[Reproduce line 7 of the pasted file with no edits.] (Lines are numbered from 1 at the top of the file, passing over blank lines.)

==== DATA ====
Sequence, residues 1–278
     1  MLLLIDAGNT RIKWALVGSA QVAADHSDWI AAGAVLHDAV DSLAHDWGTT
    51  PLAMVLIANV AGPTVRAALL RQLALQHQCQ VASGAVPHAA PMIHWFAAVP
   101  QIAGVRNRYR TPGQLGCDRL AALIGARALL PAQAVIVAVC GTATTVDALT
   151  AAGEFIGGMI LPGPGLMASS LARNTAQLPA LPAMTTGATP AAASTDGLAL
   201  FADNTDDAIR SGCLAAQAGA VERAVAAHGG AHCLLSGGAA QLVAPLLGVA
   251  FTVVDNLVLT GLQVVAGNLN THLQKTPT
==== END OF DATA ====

   251  FTVVDNLVLT GLQVVAGNLN THLQKTPT